7. Understanding the role of the greater system. Racism, economic inequality, sexual discrimination and past trauma all contribute to the complexities of hazardous substance use. It is important to recognize this and to work to change the system as well as reduce harm. Active trauma can be a barrier to healthy living.
8. This one is important, and one that is often overlooked by those who reject harm reduction. Harm reduction recognizes that substance use can be very harmful. This includes both the psychoactive, biological and societal impacts of use, as well as the harms that stem from prohibition (such as tainted supply, criminal justice involvement, and unsafe consumption environments). Harm reduction is NOT pro drug use, harm reduction is pro people.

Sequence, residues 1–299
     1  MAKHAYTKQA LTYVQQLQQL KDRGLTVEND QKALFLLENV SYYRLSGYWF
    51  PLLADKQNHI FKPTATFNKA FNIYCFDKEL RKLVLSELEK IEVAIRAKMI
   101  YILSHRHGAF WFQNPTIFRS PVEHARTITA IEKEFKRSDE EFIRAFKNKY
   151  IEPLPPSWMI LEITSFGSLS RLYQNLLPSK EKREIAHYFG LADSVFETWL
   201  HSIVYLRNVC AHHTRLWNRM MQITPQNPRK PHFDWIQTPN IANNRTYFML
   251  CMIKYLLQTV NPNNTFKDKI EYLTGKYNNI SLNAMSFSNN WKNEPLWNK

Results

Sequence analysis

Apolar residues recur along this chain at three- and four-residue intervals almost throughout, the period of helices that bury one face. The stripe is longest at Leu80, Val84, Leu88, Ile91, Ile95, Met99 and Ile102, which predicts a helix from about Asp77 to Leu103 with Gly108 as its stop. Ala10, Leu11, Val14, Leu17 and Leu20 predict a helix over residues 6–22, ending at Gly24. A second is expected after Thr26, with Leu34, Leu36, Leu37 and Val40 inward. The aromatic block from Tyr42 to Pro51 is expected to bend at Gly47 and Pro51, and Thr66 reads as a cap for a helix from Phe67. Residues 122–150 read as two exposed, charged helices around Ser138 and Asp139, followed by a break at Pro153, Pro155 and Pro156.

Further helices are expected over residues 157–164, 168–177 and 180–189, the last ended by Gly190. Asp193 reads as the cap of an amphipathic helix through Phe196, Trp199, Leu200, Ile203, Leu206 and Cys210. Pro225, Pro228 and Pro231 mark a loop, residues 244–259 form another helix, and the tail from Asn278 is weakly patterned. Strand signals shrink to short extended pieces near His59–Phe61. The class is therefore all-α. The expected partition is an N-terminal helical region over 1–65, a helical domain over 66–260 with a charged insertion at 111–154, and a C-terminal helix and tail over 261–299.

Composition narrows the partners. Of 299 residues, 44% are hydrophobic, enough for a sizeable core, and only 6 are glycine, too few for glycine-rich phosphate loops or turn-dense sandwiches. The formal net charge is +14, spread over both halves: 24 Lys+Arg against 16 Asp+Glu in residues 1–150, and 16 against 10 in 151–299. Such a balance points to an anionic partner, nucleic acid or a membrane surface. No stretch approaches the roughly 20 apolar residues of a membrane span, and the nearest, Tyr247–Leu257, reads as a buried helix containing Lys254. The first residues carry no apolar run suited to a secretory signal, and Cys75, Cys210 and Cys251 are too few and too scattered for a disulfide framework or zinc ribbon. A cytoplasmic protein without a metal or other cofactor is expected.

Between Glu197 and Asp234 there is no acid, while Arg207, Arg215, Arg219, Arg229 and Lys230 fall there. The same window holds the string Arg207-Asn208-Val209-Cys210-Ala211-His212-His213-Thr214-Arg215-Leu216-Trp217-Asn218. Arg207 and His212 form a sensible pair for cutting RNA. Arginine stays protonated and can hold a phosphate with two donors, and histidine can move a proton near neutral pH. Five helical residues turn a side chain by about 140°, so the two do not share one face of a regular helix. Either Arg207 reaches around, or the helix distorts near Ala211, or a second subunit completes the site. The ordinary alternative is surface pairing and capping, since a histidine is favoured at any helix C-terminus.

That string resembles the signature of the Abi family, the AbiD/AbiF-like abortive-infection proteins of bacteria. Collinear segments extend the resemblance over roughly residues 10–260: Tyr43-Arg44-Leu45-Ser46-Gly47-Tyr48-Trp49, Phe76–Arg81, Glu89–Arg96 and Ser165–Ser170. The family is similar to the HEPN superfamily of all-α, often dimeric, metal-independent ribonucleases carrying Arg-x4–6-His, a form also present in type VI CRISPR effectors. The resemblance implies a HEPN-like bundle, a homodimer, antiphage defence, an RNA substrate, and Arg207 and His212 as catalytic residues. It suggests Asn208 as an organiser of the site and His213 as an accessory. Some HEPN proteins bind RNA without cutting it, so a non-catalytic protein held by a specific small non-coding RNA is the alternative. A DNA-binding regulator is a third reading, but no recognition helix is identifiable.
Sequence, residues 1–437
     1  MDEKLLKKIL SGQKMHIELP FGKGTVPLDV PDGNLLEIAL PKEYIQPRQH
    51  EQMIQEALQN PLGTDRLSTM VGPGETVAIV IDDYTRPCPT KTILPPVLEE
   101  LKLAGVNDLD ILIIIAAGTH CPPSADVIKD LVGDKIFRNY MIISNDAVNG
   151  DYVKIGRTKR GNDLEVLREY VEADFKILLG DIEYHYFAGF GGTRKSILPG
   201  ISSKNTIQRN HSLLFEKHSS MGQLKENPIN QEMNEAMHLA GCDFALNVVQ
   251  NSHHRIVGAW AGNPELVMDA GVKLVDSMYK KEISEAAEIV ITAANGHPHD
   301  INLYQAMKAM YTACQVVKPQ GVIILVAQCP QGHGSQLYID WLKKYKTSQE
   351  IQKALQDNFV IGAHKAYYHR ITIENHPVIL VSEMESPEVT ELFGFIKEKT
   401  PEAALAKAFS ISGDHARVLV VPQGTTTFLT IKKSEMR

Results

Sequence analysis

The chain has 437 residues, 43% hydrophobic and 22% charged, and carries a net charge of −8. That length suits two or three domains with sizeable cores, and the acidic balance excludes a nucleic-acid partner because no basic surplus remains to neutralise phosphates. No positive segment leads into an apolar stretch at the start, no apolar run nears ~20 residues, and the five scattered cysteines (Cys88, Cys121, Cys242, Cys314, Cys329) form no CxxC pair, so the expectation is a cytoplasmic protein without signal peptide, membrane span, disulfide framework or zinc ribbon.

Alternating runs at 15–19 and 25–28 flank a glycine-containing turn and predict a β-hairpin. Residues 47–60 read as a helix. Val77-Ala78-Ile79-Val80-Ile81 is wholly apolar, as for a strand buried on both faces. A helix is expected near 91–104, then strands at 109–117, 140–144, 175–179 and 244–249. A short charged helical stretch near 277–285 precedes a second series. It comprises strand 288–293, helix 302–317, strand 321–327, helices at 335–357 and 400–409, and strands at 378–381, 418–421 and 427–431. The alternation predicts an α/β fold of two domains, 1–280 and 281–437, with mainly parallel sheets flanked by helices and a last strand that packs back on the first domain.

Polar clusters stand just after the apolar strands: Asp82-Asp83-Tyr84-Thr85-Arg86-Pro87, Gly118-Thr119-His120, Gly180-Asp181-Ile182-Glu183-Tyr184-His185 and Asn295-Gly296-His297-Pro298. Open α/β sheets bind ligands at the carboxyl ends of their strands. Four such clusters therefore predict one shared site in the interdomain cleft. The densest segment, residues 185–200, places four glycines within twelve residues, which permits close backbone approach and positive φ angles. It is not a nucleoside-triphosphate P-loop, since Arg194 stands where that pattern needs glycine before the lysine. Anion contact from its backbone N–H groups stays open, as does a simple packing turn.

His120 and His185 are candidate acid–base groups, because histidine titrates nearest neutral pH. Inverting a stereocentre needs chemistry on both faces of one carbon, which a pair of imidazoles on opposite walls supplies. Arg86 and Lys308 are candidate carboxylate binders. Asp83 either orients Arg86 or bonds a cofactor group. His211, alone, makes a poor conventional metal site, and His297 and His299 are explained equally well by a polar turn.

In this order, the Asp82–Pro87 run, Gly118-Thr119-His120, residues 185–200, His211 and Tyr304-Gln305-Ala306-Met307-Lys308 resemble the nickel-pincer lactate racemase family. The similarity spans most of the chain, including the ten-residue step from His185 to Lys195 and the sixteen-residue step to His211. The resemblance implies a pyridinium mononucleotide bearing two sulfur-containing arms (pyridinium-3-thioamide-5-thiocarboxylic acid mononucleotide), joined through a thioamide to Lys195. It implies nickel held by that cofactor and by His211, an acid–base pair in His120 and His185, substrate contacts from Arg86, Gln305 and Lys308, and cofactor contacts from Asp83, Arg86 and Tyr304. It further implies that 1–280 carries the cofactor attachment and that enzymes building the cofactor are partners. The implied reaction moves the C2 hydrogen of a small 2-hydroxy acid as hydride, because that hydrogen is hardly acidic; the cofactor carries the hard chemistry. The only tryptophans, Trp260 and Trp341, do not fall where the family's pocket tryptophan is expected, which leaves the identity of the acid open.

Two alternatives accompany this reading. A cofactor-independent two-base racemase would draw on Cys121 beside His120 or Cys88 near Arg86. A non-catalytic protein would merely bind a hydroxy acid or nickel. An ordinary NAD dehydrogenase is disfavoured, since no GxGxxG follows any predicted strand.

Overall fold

The harm reduction approach, while practiced in certain states and communities, is still a far cry from the “Just Say No’ rhetoric that dominates the national discourse. The thing is, because the visible number of people who use illicit substances is small, and those who use these substances non-problematically are usually hidden, many people feel that this is not an issue they can relate to or comment on. However, as cannabis consumers feel more comfortable talking about their cannabis use, it is an opportunity to better understand harm reduction in a context we are comfortable and familiar with. In part 2 of the series, we will talk about harm reduction as it applies to cannabis. Nothing is completely without harm, and knowing how to apply harm reduction principles to cannabis use can increase the chances of long term, healthy plant relationships.